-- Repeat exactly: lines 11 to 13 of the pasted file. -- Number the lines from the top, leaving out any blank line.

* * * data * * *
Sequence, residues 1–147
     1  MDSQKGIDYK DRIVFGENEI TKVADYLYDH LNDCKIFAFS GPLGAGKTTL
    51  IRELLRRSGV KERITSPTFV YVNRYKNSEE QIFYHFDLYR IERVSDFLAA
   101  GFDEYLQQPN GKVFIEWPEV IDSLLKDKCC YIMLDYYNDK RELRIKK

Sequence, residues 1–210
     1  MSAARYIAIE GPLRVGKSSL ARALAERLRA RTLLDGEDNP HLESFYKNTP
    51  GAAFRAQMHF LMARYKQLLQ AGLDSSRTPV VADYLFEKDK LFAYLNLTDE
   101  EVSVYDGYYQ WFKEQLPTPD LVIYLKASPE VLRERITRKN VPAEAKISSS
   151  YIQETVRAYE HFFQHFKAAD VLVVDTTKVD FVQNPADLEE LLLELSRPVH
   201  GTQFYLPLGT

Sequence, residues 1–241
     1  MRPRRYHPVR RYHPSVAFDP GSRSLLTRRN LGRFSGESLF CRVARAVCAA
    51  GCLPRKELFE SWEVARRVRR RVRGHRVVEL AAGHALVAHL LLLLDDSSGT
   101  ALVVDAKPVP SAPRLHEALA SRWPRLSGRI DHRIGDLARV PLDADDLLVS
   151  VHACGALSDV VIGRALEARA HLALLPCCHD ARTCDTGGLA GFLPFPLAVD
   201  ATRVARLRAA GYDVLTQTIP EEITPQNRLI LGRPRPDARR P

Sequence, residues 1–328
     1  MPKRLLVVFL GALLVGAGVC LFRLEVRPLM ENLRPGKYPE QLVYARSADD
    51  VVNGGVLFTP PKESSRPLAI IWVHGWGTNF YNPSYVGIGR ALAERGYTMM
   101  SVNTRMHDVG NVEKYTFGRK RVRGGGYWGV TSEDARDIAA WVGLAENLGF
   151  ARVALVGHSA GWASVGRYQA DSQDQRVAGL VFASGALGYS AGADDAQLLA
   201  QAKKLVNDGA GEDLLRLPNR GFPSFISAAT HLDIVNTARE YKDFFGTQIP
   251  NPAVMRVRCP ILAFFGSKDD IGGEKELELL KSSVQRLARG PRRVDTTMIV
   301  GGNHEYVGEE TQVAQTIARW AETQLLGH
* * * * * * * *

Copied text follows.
Sequence, residues 1–241
     1  MRPRRYHPVR RYHPSVAFDP GSRSLLTRRN LGRFSGESLF CRVARAVCAA
    51  GCLPRKELFE SWEVARRVRR RVRGHRVVEL AAGHALVAHL LLLLDDSSGT